Half Moon Bay Jail

Photos by Half Moon Bay Historical Society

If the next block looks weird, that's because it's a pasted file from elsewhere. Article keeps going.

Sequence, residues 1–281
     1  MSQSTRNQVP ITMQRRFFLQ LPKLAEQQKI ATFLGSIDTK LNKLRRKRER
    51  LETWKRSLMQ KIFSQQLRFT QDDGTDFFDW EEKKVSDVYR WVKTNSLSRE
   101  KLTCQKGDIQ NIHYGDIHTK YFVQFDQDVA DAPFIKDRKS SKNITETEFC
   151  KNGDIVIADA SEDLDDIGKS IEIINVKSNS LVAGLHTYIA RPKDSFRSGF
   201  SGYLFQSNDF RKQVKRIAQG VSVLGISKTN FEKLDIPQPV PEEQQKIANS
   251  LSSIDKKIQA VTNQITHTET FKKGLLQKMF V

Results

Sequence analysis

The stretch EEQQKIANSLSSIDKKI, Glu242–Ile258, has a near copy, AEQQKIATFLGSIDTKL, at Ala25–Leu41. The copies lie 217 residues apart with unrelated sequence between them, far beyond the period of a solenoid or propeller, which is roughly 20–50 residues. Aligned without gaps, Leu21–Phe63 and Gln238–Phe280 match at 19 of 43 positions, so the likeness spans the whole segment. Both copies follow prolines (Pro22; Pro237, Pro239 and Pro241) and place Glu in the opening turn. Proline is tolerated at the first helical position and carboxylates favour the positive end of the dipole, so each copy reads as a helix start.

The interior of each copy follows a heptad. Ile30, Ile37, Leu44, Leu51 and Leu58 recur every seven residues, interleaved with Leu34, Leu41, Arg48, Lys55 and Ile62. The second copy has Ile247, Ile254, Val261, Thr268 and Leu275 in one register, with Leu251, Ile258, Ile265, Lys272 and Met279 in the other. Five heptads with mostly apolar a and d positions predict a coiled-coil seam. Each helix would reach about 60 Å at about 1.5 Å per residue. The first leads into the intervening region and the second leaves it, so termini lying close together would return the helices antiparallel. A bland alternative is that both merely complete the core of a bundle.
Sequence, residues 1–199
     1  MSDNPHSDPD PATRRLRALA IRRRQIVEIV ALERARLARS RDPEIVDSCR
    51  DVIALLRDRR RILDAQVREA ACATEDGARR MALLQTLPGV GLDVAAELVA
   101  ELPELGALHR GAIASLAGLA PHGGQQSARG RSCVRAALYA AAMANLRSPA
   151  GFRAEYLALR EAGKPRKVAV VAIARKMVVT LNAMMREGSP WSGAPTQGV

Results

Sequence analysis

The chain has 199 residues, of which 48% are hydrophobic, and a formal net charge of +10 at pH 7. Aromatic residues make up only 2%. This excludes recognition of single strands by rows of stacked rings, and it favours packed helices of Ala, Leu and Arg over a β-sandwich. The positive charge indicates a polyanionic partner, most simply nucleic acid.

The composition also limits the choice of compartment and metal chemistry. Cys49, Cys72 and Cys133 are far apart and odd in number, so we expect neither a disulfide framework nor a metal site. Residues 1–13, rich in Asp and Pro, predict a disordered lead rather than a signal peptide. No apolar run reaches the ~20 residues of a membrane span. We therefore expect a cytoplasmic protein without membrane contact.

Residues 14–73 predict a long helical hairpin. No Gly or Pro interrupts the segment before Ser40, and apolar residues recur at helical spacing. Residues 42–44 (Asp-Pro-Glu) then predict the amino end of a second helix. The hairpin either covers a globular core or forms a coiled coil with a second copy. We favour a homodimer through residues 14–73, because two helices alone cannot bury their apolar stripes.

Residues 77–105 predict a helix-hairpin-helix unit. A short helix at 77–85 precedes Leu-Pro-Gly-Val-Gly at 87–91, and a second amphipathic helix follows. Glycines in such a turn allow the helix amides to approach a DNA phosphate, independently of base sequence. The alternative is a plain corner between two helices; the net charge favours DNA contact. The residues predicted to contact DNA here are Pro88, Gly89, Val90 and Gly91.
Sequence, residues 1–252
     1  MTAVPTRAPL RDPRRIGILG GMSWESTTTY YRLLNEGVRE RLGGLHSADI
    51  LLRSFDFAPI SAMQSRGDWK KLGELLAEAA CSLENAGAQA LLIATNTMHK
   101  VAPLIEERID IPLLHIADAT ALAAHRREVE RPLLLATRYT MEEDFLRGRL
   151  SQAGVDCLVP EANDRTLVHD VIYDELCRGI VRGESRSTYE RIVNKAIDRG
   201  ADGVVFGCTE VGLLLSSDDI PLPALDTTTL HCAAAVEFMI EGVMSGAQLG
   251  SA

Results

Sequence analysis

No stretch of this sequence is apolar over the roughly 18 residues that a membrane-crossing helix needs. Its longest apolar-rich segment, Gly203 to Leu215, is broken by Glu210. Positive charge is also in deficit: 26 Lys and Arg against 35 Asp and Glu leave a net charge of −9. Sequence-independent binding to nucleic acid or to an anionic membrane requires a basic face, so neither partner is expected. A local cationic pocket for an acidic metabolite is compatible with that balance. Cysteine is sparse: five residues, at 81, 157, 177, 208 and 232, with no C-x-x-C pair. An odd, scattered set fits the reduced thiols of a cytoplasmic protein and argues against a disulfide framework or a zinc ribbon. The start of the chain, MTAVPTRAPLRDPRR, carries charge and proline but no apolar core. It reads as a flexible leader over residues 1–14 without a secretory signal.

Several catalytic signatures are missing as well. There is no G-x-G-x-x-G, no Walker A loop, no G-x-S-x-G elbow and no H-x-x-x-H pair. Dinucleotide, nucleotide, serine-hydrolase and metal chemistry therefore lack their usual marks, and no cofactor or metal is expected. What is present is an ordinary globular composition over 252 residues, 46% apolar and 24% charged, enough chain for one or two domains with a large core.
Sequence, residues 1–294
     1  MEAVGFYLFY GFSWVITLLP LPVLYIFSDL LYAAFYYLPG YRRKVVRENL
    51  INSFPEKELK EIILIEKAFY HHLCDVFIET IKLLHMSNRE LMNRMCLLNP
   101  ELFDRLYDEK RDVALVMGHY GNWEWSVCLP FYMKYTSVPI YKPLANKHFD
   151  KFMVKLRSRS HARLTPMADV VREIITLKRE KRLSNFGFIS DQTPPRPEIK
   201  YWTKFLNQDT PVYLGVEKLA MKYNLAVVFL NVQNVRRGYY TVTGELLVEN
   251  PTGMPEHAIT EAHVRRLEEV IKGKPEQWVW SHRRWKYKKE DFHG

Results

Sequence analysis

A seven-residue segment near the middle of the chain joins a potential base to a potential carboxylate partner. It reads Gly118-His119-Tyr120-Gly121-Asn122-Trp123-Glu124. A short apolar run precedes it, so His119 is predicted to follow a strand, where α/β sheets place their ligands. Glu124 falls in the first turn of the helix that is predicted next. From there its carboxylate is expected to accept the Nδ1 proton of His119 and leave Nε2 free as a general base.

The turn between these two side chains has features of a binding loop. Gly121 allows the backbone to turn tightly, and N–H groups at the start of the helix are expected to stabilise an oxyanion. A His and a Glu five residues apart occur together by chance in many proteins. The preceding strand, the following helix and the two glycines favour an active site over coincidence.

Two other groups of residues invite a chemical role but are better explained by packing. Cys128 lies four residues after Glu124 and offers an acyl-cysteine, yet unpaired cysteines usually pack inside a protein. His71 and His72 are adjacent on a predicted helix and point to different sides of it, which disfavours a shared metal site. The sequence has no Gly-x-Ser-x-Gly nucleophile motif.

Coastside saloon patrons who over-imbibed on the whiskey might have found themselves sleeping it off in the Half Moon Bay Jail. Up until the late 1870s, Thomas Johnston ran a freight company on this site. John Higgins bought the land from Johnston’s estate and built a barn for the horses and wagons of his own freight line. In 1919, Higgins sold the property to San Mateo County, and the Board of Supervisors approved the location for a jail. The 500-square-foot concrete structure that was built served as a sheriff’s substation with two small holding cells. For most, the Johnston Street pokey was a short-term stay; serious offenders were transferred to the main courthouse in Redwood City. The last prisoners came through in the late ’60s and Half Moon Bay Jail locked up for good in 1967. San Mateo County transferred the property to the City of Half Moon Bay in 1986 to be used for historical purposes. In 2018, the Half Moon Bay History Association opened a small musuem in the jail to exhibit artifacts and educational materials about life in early Spanishtown/Half Moon Bay. The Association secured a 25-year lease and plans are now underway for the construction of a new museum in the historic Johnston garage (“barn”) structure behind the jail. By 2022, visitors can expect to find even more Coastside historical exhibits and displays. For additional details, check out halfmoonbayhistory.org